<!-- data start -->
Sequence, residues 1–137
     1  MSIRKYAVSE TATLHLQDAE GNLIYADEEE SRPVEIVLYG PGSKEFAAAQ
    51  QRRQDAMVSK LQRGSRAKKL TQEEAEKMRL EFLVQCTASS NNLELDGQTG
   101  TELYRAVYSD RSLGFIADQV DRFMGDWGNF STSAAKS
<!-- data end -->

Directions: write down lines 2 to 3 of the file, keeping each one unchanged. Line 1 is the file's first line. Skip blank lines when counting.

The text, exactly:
     1  MSIRKYAVSE TATLHLQDAE GNLIYADEEE SRPVEIVLYG PGSKEFAAAQ
    51  QRRQDAMVSK LQRGSRAKKL TQEEAEKMRL EFLVQCTASS NNLELDGQTG